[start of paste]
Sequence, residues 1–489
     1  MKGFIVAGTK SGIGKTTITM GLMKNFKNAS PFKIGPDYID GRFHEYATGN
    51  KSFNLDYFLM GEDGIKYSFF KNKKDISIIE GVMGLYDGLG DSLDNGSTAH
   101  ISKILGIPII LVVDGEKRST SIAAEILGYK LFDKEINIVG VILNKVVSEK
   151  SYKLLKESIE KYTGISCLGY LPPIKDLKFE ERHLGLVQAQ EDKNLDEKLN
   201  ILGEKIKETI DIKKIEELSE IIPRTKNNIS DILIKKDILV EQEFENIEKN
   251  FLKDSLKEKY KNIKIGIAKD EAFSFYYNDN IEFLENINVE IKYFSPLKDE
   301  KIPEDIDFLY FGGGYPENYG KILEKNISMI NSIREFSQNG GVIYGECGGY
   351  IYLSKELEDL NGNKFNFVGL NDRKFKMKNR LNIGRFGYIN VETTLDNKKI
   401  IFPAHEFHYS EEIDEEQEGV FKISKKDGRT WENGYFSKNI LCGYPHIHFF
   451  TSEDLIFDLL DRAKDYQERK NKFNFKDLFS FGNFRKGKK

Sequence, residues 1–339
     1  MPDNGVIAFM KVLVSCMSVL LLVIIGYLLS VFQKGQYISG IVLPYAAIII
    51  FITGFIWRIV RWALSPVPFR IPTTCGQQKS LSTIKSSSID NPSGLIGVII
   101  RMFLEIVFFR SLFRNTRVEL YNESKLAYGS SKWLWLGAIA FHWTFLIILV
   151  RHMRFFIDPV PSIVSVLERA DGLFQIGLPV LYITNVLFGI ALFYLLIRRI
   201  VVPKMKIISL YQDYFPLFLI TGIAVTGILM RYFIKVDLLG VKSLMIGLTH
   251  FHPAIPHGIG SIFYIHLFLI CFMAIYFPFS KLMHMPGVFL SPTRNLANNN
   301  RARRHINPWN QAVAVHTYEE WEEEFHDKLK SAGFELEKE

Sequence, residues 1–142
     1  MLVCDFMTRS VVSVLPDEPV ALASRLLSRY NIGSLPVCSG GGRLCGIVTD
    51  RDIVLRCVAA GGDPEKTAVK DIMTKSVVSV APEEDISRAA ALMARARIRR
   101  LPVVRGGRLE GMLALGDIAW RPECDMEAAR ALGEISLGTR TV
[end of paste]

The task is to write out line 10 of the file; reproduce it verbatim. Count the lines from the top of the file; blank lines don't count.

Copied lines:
   401  IFPAHEFHYS EEIDEEQEGV FKISKKDGRT WENGYFSKNI LCGYPHIHFF